Thanks a lot, that looks like exactly what I'm after, now to find someone with stock.


re: the CAMRA Guide - what is that? Do you mean their Good Beer Guide? Or is this some kind of Compendium of all Real Ales? $100USD is going to be bit much for me for now in any case, I've still got 90 different Wheeler recipes to try!

Edited by hsb, 23 July 2010 - 01:05 PM.


#25 MHB

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Posted 24 July 2010 - 11:56 PM

Try eBay, there are a few listed but try for the second edition, the ones up now are all 1st I think.
MHB

#26 outbreak

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Posted 02 December 2010 - 11:09 AM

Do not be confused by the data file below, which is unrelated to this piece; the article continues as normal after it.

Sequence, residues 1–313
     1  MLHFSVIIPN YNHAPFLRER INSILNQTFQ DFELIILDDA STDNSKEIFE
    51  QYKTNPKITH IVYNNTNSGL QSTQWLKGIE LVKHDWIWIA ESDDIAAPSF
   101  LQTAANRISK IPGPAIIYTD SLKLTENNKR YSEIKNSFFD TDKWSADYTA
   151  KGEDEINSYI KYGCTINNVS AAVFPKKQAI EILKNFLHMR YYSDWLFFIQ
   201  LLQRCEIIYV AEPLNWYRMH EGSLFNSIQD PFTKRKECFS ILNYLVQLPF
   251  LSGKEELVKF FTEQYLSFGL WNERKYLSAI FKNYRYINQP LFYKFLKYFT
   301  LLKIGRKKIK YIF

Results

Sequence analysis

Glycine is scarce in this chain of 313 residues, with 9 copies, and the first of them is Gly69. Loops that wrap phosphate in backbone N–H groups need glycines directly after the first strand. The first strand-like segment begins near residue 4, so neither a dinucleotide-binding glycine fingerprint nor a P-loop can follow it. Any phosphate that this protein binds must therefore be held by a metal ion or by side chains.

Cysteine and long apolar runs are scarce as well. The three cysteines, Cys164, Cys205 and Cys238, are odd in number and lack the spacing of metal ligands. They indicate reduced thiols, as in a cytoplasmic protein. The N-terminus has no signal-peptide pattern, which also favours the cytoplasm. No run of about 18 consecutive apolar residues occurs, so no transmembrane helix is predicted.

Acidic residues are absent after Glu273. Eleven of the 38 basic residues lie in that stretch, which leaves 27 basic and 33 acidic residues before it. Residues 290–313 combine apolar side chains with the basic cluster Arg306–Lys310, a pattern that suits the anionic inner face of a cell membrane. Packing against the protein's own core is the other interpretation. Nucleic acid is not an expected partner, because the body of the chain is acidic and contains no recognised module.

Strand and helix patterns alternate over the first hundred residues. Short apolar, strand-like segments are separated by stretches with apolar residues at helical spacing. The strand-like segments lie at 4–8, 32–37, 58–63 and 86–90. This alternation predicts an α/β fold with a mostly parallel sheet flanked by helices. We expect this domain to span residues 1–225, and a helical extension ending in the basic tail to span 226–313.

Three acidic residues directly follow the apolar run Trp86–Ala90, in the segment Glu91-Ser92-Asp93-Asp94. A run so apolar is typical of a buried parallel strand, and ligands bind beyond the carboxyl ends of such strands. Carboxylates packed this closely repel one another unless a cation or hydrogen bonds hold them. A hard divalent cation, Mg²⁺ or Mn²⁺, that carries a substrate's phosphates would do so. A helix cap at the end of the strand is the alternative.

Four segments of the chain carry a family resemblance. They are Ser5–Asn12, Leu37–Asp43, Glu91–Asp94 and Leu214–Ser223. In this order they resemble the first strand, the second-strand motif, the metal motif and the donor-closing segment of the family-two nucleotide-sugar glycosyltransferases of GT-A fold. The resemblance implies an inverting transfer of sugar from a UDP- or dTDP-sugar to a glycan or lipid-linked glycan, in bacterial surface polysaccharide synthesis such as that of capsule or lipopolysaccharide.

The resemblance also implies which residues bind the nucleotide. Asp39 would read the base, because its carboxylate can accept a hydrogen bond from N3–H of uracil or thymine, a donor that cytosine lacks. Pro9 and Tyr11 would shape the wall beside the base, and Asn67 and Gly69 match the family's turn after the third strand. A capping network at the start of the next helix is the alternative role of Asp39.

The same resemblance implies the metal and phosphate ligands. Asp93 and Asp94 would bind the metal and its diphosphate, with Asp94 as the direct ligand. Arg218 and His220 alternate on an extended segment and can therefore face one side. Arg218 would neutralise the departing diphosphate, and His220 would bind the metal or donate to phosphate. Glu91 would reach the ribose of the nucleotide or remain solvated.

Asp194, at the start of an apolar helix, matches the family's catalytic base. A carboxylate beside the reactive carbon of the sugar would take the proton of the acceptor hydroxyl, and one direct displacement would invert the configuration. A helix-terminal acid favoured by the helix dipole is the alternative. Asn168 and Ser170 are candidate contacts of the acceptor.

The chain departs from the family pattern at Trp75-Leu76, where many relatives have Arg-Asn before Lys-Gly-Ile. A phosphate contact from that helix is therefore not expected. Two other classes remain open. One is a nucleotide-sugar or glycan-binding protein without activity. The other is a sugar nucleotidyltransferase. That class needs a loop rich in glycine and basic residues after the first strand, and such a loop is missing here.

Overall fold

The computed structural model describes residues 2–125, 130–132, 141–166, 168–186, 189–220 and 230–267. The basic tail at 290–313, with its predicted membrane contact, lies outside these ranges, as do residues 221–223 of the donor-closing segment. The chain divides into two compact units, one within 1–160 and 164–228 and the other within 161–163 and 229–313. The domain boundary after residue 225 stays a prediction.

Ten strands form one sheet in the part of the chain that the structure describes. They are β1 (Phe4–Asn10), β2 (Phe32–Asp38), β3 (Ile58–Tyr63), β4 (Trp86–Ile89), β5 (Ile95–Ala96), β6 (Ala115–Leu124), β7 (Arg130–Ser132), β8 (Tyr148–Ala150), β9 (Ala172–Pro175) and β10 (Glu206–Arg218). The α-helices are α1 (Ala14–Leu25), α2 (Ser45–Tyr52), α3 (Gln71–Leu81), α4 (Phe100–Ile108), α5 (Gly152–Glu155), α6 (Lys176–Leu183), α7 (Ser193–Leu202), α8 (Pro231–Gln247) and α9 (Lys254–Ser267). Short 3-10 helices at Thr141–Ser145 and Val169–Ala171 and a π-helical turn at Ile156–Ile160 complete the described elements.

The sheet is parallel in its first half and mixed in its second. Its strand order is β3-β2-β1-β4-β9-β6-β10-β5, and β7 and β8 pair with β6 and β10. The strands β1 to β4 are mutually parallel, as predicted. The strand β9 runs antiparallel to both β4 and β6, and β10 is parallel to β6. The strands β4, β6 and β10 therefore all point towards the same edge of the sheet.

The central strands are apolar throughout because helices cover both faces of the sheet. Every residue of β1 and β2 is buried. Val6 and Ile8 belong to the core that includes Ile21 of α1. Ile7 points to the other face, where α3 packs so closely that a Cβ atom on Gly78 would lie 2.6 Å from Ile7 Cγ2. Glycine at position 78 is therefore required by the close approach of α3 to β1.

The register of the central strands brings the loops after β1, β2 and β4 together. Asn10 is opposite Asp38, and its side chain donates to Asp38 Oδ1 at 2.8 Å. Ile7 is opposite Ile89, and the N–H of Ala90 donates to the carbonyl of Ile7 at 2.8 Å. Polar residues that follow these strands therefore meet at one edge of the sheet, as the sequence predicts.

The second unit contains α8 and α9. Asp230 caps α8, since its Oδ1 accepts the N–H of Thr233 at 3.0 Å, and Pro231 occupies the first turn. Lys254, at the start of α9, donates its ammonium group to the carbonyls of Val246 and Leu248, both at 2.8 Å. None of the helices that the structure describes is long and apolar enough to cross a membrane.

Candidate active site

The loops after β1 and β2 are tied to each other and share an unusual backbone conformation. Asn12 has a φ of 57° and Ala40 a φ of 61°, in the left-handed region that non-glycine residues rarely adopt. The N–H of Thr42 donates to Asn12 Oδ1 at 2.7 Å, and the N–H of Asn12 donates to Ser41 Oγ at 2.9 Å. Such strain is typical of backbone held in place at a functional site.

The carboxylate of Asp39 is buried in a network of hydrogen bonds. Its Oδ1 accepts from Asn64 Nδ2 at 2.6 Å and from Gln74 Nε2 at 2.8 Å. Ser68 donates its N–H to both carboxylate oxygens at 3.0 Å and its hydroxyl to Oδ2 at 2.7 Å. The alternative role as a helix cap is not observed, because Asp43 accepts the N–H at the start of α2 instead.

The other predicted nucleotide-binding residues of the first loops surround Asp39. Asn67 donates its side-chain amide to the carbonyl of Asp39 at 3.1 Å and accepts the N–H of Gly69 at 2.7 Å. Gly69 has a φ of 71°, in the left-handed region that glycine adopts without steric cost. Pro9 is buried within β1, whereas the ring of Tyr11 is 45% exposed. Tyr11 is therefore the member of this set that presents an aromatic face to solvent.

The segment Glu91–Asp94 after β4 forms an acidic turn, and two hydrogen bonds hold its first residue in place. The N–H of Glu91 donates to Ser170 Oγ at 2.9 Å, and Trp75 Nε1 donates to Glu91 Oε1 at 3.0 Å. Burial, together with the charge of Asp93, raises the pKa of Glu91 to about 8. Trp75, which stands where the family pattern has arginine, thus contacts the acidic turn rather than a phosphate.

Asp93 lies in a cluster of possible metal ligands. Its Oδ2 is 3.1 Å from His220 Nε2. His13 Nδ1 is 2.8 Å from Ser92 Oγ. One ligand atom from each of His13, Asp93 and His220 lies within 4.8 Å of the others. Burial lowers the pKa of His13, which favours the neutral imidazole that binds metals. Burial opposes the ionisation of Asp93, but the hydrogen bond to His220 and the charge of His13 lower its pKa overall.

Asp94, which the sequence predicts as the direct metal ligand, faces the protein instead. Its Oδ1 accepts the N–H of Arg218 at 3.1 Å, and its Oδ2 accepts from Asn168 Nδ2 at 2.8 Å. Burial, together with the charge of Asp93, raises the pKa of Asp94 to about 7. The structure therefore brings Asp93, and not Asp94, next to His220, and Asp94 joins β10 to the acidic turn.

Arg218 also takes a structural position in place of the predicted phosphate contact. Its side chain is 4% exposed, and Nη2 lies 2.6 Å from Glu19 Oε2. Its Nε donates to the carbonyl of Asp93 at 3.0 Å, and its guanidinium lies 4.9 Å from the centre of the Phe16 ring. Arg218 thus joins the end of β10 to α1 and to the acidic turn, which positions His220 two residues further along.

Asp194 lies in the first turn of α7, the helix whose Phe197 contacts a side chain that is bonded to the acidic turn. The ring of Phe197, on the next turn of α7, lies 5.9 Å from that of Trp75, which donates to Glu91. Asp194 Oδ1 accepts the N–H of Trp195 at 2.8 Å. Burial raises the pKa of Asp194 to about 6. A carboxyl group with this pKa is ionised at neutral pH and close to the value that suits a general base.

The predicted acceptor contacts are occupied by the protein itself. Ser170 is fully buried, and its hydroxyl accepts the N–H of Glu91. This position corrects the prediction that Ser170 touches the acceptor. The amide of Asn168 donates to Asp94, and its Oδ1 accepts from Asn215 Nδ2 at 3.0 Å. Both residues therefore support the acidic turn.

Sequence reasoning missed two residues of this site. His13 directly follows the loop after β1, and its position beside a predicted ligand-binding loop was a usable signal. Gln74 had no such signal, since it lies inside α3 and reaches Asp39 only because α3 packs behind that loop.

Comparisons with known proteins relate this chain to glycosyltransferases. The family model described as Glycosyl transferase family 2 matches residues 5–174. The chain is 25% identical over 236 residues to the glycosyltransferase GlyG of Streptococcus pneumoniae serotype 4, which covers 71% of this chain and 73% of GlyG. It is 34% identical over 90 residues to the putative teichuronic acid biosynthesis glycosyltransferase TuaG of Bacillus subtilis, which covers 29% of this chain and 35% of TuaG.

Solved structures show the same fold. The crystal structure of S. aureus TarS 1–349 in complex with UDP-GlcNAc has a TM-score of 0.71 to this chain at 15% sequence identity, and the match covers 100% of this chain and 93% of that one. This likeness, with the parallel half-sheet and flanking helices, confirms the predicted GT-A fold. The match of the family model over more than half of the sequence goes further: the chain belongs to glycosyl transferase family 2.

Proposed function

I just purchased "Brewing Classic Styles." Apart from being a book full of recipes it is actually a really good read! I enjoyed reading Jamil's story behind each brews name and his hints and tips for each style. These recipes look good too, I dare say this book will be getting a lot of use.

#27 manticle

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Posted 02 December 2010 - 11:27 AM

Currently making my way through several of the classic beer series.

I recently bought Belgian ale (Pierre Rajotte) Altbier (Horst Dornbusch) Porter (Terry Foster) and stout (Michael J Lewis).

So far I've read Belgian ale and altbier and part of stout. I'll reserve adding to the list until I've finished reading these four - readers of others in the series can add.

However, briefly: Altbier - really interesting, quite informative about general rules and principles. Contains recipes as well as history and guidelines.